The D.C.-area Innovation Corps program was awarded $3.45 million over the next five years by the National Science Foundation to renew the program, according to a University release.
The I-Corps program brings together four D.C.-area universities – GW, Virginia Tech, Johns Hopkins University and the University of Maryland at College Park – to train students and faculty in entrepreneurship. UMD is the lead institution for the region.
These regional sites, or “nodes,” work to help researchers “transition fundamental science and engineering discoveries to the marketplace,” by providing the appropriate research infrastructure and training, according to the release.
Leo Chalupa, the vice president for research, said in the release that GW’s commitment to innovation and technology commercialization made it a natural fit for this I-Corps site.
In recent years, officials have touted I-Corps as a way for researchers to turn their work into marketable goods or companies.
“The renewal of this NSF grant demonstrates the measurable and continuing success of the DC I-Corps program,” Chalupa said in the release.
The regional sites support other I-Corps sites nationwide as well as offer seven-week I-Corps curriculum to their teams. More than 3,000 people have participated in the D.C. I-Corps program at the university level, with more than 5,500 participants total, according to the release.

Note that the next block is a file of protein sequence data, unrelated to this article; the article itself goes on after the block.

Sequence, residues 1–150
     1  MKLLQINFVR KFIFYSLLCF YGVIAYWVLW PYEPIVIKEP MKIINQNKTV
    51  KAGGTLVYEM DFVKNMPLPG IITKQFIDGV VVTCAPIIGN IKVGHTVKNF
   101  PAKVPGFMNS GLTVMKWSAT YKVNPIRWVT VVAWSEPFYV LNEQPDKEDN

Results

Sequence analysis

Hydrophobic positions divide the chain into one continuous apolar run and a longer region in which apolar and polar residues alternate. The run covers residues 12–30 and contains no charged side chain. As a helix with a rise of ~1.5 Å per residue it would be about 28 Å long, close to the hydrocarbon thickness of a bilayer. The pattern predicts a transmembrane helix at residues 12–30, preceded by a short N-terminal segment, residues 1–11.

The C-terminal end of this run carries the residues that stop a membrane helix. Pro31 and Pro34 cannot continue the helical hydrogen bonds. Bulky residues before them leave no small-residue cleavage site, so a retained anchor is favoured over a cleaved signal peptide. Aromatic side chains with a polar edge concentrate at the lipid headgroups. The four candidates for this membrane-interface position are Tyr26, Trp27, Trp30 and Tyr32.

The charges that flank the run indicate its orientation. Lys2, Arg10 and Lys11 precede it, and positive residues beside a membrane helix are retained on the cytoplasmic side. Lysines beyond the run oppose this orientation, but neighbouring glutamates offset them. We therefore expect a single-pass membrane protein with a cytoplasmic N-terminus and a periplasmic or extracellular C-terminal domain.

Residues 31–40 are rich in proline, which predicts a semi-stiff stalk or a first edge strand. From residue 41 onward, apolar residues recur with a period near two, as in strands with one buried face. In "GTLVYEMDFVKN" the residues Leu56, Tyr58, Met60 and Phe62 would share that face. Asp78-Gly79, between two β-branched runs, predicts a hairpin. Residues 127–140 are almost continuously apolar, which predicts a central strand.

Six teams from GW have also gone to national I-Corps, out of 1,031 total teams trained and 45 teams from the D.C. area.
Jim Chung, the associate vice president for innovation and entrepreneurship and a co-principal investigator for the D.C. I-Corps, said in the release that 33 students, faculty and postdoctoral fellows from GW have received training for the program so far.
“The DC I-Corps Node has been critical for building the infrastructure and resources for supporting innovation and entrepreneurship at GW,” Chung said in the release.
Chung said in the release that the D.C. I-Corps plans to expand implementation of a short course format to “different diverse and geographically located groups,” over the next five years.
The D.C. I-Corps also plans to expand their outreach over the next five years by launching a veterans-only cohort and focusing on researchers who have not previously received funding but are eligible for $50,000 in funding from the program by taking the short course, according to the release.